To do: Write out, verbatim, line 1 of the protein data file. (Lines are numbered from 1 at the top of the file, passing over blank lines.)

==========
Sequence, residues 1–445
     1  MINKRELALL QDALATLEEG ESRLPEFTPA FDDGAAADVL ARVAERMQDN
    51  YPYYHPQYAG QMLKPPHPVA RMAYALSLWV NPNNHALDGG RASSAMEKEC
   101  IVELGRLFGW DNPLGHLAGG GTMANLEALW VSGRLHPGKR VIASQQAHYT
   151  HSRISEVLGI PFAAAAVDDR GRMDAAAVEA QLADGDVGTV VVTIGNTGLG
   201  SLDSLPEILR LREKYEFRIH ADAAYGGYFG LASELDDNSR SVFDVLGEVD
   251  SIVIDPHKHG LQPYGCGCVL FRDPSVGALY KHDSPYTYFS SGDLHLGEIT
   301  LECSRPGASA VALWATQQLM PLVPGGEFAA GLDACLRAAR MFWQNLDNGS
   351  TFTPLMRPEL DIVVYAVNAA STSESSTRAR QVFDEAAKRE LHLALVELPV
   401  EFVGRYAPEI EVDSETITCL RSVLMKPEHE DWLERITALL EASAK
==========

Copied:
Sequence, residues 1–445